Other “PeaceWomen” featured include individuals such as Binda Pandey of Nepal, an activist who is responsible for helping tradeswomen unionize and who has played a role in the movement for the restoration of democracy in Nepal.

In Jordan, Insaf Arafat, a physician, has been working for more than 30 years to promote health care for mothers and children and to care for displaced survivors of war and disabled land mine victims.

“My motivation to work for peace comes from the tragic conditions that wars cause, leaving behind a large number of disabled land mine survivors, displaced people, widows and orphans,” Arafat says.

The snapshots of women such as Arafat who work amid war and violence are especially remarkable. Another example is Alina Allo of Russia. In war-torn Chechnya in 1998, she organized project “White Dove” -- an appeal for mutual forgiveness by Russian parents to Chechen parents who have lost their children as soldiers in the war.

“We have to do all we can to avoid that Russian and Chechen children become enemies,” Allo says.

Though the 2005 nomination of these women and their counterparts did garner some publicity, they did not win the prize. That year’s honor went to the International Atomic Energy Agency and to its director general, Mohamed ElBaradei. Since the Nobel Foundation’s inception nearly 107 years ago -- in 1901-- only 12 women, approximately 10 percent of the winners, have won the peace prize.

Related Web sites
1,000 PeaceWomen Across the Globe
Xavier University Women's Center

The PeaceWomen Across the Globe organization was founded not only to honor specific women, but also to lobby for wider roles for women in peace negotiations and policy development and to “challenge narrow definitions of peace.”

“Peace-building is often thought of as something heroic or spectacular, or as something carried out by heads of state,” a statement on the organization’s Web site explains. “In reality, peace-building is rarely spectacular, although it does require courage and endurance. Effective peace-building is the long-term pursuit of justice and human security. This is the criteria we use to identify women who are peace builders.”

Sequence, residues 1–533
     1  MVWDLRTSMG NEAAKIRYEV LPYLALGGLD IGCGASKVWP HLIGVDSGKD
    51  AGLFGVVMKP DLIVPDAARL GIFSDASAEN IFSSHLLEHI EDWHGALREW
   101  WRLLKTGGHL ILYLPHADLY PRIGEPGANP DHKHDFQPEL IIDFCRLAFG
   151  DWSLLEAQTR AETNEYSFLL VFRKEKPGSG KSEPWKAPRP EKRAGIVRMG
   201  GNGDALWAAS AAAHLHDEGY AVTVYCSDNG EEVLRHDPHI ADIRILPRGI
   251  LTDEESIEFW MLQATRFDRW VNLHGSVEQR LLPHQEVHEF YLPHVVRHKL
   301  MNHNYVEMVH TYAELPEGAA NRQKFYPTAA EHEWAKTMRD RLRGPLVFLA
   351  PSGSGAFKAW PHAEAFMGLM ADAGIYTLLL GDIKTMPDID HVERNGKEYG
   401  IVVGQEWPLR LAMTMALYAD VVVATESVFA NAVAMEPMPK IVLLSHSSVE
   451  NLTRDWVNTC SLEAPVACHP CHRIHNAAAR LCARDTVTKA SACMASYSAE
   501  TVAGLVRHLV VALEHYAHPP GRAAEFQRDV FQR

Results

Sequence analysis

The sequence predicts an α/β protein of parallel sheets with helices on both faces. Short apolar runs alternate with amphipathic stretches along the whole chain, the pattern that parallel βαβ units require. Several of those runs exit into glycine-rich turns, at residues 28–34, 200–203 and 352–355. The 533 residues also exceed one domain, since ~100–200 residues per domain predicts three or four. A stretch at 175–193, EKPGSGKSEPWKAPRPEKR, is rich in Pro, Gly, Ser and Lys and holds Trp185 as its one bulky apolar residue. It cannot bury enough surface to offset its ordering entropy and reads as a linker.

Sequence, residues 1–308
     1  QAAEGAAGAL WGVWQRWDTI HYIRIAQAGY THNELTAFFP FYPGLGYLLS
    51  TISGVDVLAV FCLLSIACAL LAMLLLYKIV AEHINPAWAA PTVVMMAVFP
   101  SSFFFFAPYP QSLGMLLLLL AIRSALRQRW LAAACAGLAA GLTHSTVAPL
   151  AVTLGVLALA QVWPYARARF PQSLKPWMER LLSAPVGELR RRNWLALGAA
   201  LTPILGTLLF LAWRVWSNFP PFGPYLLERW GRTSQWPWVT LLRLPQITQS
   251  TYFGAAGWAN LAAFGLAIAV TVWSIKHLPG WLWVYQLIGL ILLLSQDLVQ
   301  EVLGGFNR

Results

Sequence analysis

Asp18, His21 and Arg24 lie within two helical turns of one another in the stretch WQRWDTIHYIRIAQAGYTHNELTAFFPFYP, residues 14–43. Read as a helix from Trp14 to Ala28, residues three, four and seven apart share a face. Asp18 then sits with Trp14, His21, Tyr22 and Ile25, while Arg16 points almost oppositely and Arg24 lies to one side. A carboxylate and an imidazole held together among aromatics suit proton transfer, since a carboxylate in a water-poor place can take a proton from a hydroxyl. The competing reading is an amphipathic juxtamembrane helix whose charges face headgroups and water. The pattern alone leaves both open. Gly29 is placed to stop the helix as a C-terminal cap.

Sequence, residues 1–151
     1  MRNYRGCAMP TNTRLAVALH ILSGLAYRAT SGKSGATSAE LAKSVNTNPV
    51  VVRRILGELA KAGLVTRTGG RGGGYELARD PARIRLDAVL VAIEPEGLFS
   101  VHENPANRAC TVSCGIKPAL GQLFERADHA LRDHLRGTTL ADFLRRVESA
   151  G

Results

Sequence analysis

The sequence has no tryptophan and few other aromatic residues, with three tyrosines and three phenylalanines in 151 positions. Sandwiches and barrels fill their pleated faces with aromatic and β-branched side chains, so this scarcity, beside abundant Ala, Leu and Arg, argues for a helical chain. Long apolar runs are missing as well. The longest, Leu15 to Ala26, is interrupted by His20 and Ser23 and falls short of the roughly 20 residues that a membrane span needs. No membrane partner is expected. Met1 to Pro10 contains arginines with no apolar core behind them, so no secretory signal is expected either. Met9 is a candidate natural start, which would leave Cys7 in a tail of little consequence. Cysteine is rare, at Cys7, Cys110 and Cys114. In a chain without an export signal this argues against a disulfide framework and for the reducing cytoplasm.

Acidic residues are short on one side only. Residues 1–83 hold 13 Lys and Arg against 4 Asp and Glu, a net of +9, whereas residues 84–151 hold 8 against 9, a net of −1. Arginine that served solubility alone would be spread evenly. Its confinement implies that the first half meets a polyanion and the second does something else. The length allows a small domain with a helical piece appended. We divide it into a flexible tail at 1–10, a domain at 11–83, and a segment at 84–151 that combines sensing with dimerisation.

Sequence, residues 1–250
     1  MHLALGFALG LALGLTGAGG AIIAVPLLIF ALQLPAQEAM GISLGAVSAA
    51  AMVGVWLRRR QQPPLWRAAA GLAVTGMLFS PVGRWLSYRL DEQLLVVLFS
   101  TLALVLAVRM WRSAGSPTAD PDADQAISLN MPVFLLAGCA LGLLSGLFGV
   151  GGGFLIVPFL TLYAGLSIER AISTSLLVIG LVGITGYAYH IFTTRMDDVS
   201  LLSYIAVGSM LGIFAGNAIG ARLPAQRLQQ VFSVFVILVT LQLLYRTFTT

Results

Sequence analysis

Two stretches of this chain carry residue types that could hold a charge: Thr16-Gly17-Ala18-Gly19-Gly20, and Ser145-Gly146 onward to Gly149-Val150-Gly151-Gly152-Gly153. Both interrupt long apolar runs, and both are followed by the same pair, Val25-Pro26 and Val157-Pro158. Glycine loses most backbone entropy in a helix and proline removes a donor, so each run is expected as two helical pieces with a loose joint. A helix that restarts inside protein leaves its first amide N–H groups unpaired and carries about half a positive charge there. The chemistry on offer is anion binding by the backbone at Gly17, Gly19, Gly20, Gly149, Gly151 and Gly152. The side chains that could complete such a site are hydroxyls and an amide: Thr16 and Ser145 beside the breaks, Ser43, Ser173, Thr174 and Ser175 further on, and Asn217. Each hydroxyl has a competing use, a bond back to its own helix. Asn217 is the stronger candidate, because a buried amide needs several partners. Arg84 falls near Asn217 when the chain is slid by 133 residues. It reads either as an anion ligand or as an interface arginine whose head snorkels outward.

The Xavier Women’s Center has purchased the materials for the exhibit, which includes the postcards, a 55-minute film and a 2,000-page book with black-and-white photographs and biographies of the nominees.

Wies says she has been “dumbfounded” by the amount of attention “1,000 PeaceWomen” has received from the local media and from the community.

“It seems trite to say that people are moved,” Wies said. “But people are inspired by these women. People will find a connection with one or two or three women. People come in and they find what they need; they find what they were seeking.”

Wies says she plans to use the exhibit again in the future.

“It’s been an amazing investment,” Wies said. “In three years we can hang it up again and there will be new angles to look at.”

First shown at Xavier on the U.S. holiday honoring Martin Luther King Jr., Wies says “1,000 PeaceWomen” will remain on display through March 18.

Renée LaReau is a freelance writer living in Columbus, Ohio.

Women’s centers at Jesuit universities

Since 1912, when Marquette became the first Jesuit university to admit women as students, Jesuit institutions have grown and expanded the ways they provide resources for women.

It’s difficult to determine exactly how many Jesuit colleges and universities house women’s centers because in some cases their functions are part of academic departments such as women’s studies or interdisciplinary programs or institutes.

Such centers are at Boston College; Creighton University in Omaha, Neb.; Fairfield University in Fairfield, Conn.; Georgetown University in Washington; Loyola College in Baltimore; Loyola University in Chicago; Seattle University; University of Scranton in Pennsylvania; and Xavier University in Cincinnati.

Some are classified as resource centers, meaning that they tend to offer direct services such as advocacy and educational programming. Those categorized as research centers focus more on cultivating and disseminating scholarship by or about women. Some women’s centers fall into both categories.

-- Renée LaReau

National Catholic Reporter, March 7, 2008

This Week's Stories | Home Page | Top of Page
Copyright  © The National Catholic Reporter Publishing  Company, 115 E. Armour Blvd., Kansas City, MO   64111
All rights reserved.
TEL:  816-531-0538     FAX:  1-816-968-2280   Send comments about this Web site to: